Friday, October 31, 2014

Writing Skill Development

Our guest blogger today is Larry Telles of Dalton Gardens, ID

I have thought for many years that I was born at the right time. Looking back to those early years I can see that I was bound to be a writer. One of my necessary skills was imagination which I learned by listening to the radio. A mahogany appliance that appeared to glow in the dark sat on an end table in our living room. Narration, dialogue and sound effects became the critical parts of painting pictures in my mind.   

It was 1949, I was nearly twelve, and my grandmother who lived in Albany, California bought a television set. During the summer months I spent every Wednesday with her and my grandfather. There were only three stations we could watch went off-the-air at 9 p.m. each night. All three channels displayed our flag, in black and white and played the Star Spangled Banner.

By the mid-1950s, our three channels had added more programming like local news. With commercials at a very minimum, these stations turned to obtaining, through renting or buying, silent movies. For a young kid, they were clever and very funny. Over a short period of time I added a second notch in my writer’s bag of tricks. While watching these silent films I learned, “show, don’t tell.” These on screen actors had to convey emotion with hand gestures, body language, eye-brows and their mouths.

I learned all about action when nearly every Friday night my parents would take me to a local theater in Oakland, California to see two “B” Westerns, a newsreel, and cartoon. I’m sorry to say that I didn’t pursue writing after leaving high school. It wasn’t until the early 1980s that a forth item was added to my writer’s tool box.

Writing was not completely forgotten in the late 1960s to early 1970s, but I got interested in art. I had been drawing since I was nine years old and wanted to learn more. I enrolled in The Art Instruction Schools of Minnesota. I worked on this course while working at Pacific Bell in the Bay Area. When I got the chance, I transferred into the training department writing technical curriculum. There I learned all about pacing. It became necessary for me to choose words that got a point across without using hundreds of unnecessary words.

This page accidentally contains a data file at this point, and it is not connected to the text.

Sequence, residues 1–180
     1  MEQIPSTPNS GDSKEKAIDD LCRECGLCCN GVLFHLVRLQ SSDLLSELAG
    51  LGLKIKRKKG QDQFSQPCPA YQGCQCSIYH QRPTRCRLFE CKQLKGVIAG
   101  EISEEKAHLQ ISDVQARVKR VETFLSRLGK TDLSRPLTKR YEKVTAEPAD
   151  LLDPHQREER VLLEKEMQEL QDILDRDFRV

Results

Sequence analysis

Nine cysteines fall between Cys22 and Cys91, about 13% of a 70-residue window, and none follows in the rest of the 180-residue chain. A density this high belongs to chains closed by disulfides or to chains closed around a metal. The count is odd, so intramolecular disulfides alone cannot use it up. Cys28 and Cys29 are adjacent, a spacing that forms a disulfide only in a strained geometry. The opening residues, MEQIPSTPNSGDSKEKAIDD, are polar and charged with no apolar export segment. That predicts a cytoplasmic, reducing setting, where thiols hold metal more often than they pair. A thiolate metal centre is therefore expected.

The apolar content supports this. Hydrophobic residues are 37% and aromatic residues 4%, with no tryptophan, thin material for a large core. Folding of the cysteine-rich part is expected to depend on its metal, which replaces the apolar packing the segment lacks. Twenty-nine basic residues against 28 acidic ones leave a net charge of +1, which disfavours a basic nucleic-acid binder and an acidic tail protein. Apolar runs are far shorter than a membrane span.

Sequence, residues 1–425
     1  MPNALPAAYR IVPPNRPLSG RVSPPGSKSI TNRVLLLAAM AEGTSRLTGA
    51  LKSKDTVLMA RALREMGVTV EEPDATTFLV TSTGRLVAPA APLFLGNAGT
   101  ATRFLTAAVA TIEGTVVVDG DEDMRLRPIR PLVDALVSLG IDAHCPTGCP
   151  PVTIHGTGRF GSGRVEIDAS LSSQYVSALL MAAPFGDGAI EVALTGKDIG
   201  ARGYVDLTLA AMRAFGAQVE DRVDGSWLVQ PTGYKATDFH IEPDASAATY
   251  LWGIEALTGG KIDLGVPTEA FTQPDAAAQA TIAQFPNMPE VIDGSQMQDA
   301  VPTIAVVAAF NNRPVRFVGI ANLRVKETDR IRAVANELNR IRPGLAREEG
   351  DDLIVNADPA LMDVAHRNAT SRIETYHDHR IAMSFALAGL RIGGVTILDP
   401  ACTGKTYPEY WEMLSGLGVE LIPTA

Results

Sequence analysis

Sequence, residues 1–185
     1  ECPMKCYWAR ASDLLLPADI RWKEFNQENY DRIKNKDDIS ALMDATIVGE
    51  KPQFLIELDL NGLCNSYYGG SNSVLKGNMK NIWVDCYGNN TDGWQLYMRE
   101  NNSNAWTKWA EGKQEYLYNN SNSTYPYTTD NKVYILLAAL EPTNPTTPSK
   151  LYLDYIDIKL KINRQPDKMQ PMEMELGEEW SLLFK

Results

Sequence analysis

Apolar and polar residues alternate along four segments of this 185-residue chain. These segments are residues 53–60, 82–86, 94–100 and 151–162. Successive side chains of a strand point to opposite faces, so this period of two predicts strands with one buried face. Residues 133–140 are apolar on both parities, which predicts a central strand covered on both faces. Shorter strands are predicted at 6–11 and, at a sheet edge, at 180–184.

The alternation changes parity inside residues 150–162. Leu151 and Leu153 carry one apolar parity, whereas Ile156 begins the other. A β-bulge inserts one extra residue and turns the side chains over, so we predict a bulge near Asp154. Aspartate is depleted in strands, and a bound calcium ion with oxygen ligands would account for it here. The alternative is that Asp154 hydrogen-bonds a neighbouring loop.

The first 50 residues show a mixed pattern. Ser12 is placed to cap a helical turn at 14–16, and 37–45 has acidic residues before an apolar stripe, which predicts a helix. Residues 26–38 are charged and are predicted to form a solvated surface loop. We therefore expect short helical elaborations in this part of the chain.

It was during this period that I began thinking about writing a children’s book. Technical writing during the day and fiction at night. I had seen an ad for The Institute of Children’s Literature in Pennsylvania and after a couple of years took three classes from them. My effort at the conclusion was a YA novel, The Hooded Rider of Whispering Pines, and several short stories written during those courses. This manuscript was put in a drawer only to see the light of day again in the late 1990s. I used it at Holy Names University in Oakland, California to challenge a creative writing class. I graduated with a BA in English (cum laude) in 1998. But the manuscript went back in the drawer.

I left California in 1999 and landed in Dalton Gardens, Idaho. I joined the Idaho Writers League in 2001. Years earlier I had joined the SCBWI (Society of Children’s Book Writer’s and Illustrators) and helped form the Inland Empire Chapter in Spokane. That manuscript is once again out of the drawer. However, it isn’t my first book. I wrote A Brief History of the Silent Screen and the World at that Time in 2008. I aimed the marketing “for the teen years to the seniors.” Most young adults would like to know where movies came from. My second book, Helen Gibson, Silent Serial Queen: Who Became Hollywood’s First Professional Stunt Woman. It was dedicated to all the young women who have a dream. Those short stories I did earlier were tweaked a bit and over the past four years won prizes at the IWL yearly contest.

So what does all of this mean? Don’t give up your writing. Make sure you have the right tools to do the job. Find an age group or genre you can relate to and start writing. Decide if you love fiction or non-fiction or both. Enter contests. Go to writing conferences. Join a writing group so you can get your work critiqued. If you know a teacher, see if you can read your work to a class. Kids are very blunt and will let you know what they think. I’ll bet a lot of you reading this have heard all of the above many times before. Well, it must be good advise, since it works!

LARRY TELLES, entertains readers with his fertile imagination in all sorts of yarns. The love of his writing life is children’s stories. Larry is presently marketing two books on film and a DVD, but his YA manuscript is currently being polished for publication in 2015.

1 comment:

Jennifer Lamont Leo said...

Thanks, Larry. I enjoyed reading about your writing journey. Grateful for the encouragement for writers to stay the course.